Nothing yet on Walker successor
By Monroe Roark
No decision has been made regarding the next move in finding a new county manager.
Jim Walker resigned last week after a little more than a year on the job. He had been on paid administrative leave for about a week when he submitted his letter of resignation, effective May 10. County officials never publicly addressed the reason for his leave.
“Thank you for the opportunity to serve the citizens and the great employees of Henry County,” Walker wrote. “I believe the time is right for me to step down as county manager and pursue other professional opportunities.”
Assistant County Manager Cheri Hobson-Matthews will continue to run the day-to-day operation of the county until the Board of Commissioners decides on the next course of action in hiring and naming a new county manager, according to an official county statement.
When contacted by the Times late last week, Board of Commissioners Chairman Tom-my Smith said that no move has been made to find Walker’s permanent replacement.
“The board has not discussed a plan for how they will select a county manager,” Smith stated in an email. “I have not received any thoughts from the commissioners when they might accept the county manager’s resignation.”
Walker was appointed March 25 of last year after a five-month search. He received a two-year contract extension March 3 of this year, with Smith casting the lone dissenting vote.
The county manager position has been the subject of plenty of controversy in recent months, although the duties of that position have not changed in years. It was addressed in some detail in House Bill 554 which passed in the most recent legislative session, drawn up after a request from the commissioners to clarify the county manager role as well as that of the commission chairman.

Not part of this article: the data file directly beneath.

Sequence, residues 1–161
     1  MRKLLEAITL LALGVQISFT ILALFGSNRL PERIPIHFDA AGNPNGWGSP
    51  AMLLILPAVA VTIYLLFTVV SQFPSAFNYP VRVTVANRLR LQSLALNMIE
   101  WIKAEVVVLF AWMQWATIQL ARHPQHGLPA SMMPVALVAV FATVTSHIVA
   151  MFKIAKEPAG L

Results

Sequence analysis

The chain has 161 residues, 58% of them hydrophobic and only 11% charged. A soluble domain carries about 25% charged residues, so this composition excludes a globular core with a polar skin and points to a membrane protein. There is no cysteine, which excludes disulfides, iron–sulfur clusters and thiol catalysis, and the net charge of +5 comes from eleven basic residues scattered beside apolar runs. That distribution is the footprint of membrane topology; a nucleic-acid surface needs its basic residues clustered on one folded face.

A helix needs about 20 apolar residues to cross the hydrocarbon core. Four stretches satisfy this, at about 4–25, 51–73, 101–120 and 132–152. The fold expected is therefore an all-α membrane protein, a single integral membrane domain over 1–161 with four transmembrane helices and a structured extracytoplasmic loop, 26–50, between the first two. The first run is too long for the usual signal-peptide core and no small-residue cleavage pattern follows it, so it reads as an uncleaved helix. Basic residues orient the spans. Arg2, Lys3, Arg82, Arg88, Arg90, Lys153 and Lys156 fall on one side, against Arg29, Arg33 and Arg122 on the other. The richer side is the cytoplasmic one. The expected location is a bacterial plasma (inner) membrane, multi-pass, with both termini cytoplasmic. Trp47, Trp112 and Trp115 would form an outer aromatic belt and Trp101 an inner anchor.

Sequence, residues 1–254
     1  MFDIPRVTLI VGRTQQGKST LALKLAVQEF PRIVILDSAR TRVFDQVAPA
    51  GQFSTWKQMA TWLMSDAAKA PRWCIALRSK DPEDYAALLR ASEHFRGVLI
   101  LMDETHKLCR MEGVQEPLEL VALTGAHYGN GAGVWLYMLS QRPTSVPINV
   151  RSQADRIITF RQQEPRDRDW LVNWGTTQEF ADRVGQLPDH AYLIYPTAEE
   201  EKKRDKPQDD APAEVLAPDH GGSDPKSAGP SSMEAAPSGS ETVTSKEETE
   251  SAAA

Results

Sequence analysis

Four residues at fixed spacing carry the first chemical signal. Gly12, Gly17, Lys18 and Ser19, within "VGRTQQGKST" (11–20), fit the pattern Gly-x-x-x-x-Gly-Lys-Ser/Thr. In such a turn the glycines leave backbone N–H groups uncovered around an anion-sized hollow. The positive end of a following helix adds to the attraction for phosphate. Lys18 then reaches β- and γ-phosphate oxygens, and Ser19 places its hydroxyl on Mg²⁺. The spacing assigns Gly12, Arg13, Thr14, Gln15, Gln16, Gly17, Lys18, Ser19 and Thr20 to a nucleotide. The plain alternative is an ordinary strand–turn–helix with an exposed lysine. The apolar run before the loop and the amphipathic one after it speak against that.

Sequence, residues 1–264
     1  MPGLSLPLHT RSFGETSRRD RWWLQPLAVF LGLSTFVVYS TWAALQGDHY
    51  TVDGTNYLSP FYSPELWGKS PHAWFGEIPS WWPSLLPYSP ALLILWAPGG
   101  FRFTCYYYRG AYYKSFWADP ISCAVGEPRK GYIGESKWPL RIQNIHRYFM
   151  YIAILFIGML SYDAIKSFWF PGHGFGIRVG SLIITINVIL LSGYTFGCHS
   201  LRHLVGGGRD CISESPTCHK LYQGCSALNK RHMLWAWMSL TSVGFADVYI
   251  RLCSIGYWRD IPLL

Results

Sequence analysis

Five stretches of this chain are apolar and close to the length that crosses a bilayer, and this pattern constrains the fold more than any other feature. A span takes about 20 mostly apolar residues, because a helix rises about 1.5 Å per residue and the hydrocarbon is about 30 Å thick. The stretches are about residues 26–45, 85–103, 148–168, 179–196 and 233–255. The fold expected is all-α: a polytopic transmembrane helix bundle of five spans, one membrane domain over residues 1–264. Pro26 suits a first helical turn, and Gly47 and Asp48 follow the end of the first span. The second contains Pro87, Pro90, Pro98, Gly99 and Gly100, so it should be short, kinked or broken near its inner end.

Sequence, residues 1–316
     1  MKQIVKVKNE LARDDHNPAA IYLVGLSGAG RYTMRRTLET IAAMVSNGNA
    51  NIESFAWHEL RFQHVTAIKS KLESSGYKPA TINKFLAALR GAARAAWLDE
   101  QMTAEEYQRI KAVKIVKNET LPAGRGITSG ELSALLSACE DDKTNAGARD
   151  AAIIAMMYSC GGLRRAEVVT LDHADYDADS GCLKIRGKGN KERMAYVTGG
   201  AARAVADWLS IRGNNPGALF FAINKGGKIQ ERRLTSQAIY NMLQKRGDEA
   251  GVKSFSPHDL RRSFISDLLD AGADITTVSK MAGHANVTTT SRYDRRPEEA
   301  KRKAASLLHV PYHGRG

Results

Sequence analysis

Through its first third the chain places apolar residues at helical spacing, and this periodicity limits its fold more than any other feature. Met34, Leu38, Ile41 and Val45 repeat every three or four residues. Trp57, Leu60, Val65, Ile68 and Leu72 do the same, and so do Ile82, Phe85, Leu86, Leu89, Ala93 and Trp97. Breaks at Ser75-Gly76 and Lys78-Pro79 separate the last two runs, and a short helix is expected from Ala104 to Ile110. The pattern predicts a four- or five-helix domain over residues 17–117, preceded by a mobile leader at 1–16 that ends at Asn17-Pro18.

The legislation came on the heels of Smith’s decision in November to file a lawsuit against his colleagues, whom he claimed had usurped his authority in an unconstitutional manner. Smith acknowledged last week that his legal action became moot with the passage of HB 554.
“I have dropped my lawsuit,” he stated. “They merely changed the law.”
Smith also responded to a request for comment on an unrelated issue pertaining to the county’s legislative delegation. At the end of the May 5 regular board meeting, county attorney Patrick Jaugstetter addressed the matter of state Sen. Rick Jeffares, whose concurrent position as a board member of the Henry County Water Authority has been criticized as a conflict of interest. Bill Toney spoke earlier at that meeting during public comment time, saying that he was told by attorneys at the state Capitol that it was indeed a conflict.
Jaugstetter said he reached out to the Attorney General’s office as well as the Office of Legislative Counsel, and both offices sent letters stating that there is no conflict of interest. He said he would make copies of the letters for whichever commissioners desired to have them.
Smith has voted against Jeffares’ HCWA appointment each time it has come up during his term as chairman, and his personal opinion on the issue has not changed.
“I have not seen the letters that counsel spoke of at our last meeting,” he stated. “I feel that a sitting elected state official should not sit on a county appointed board.”